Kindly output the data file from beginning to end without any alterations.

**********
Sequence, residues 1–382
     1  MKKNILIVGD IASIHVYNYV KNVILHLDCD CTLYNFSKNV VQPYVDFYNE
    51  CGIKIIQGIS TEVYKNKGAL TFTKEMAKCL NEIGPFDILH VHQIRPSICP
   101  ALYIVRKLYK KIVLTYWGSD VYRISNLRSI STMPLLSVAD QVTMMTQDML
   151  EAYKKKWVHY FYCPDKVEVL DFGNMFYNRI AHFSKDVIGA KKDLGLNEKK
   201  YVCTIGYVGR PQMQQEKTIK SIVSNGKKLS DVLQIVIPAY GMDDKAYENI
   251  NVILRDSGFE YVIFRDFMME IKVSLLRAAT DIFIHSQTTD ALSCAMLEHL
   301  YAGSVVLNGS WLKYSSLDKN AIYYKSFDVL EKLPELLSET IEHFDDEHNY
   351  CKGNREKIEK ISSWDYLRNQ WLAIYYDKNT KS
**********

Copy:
Sequence, residues 1–382
     1  MKKNILIVGD IASIHVYNYV KNVILHLDCD CTLYNFSKNV VQPYVDFYNE
    51  CGIKIIQGIS TEVYKNKGAL TFTKEMAKCL NEIGPFDILH VHQIRPSICP
   101  ALYIVRKLYK KIVLTYWGSD VYRISNLRSI STMPLLSVAD QVTMMTQDML
   151  EAYKKKWVHY FYCPDKVEVL DFGNMFYNRI AHFSKDVIGA KKDLGLNEKK
   201  YVCTIGYVGR PQMQQEKTIK SIVSNGKKLS DVLQIVIPAY GMDDKAYENI
   251  NVILRDSGFE YVIFRDFMME IKVSLLRAAT DIFIHSQTTD ALSCAMLEHL
   301  YAGSVVLNGS WLKYSSLDKN AIYYKSFDVL EKLPELLSET IEHFDDEHNY
   351  CKGNREKIEK ISSWDYLRNQ WLAIYYDKNT KS